Age, Gender And The Level Of Education Are Variables That

1392 Words May 24th, 2017 6 Pages
Age, gender and the level of education are variables that predict the possibility of burnout in online adjunct faculty, along with lack of benefits and job security (Mandernach et al., 2014) Several studies have identified variables associated with increased levels of work related burnout. Age, and gender are the most common demographic variables discovered from burnout research and the level of education, lack of benefits and job security also are important demographic variables.
Research suggests older employees experience less experiences of burnout than younger employees. Research also suggests burnout may also happen in the latter part of one’s career or that burnout out is not related to age (Merklein, 2014). According to
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While all research may not be conclusive and similar studies may present opposite results, some suggests the opposite and states that younger employees do not experience more burnout than their older co-workers. In this instance, more experience does not always mean one will be more prepared to handle the pitfalls of the workplace, youth may provide an element that make some able to handle burnout. For example, researchers found no evidence burnout existed among German faculty in any age range and neither did a study of faculty working in higher education in the Netherlands. Finally, Hutchins (2015) found no connection between burnout and work experience.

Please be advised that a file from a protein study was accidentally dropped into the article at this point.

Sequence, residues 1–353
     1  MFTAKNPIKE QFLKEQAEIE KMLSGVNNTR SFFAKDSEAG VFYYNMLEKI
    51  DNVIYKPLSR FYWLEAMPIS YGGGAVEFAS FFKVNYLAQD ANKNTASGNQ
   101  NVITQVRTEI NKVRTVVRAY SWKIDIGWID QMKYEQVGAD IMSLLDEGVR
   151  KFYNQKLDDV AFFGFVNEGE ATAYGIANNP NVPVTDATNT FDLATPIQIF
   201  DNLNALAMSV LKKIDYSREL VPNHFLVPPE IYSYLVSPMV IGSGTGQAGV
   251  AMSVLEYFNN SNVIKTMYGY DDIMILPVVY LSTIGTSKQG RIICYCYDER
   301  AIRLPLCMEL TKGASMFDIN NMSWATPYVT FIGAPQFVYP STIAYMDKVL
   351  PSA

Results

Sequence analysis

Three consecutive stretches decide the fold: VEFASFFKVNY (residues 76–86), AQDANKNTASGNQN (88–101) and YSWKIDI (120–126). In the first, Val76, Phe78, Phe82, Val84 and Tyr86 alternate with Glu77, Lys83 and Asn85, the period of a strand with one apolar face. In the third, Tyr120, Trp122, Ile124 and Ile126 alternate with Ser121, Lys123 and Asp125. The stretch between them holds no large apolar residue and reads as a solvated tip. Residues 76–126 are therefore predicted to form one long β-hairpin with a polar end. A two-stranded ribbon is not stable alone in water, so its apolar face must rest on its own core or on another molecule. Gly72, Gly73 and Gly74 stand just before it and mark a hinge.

Doyle (2014) found evidence of burnout in older faculty while working on qualitative research focusing on the experiences of community college faculty. Half of the participants were faculty members for 15 years and expressed feelings of burnout as they approached the end of their careers. Researchers also identify financial and benefit issues as reasons why participants felt a feeling of burnout along with a loss of excitement for their career choice. Some also became career changers, seeking other forms of employment due to financial and benefit issues. Earlier findings compared with later studies help to suggest burnout occurs earlier in
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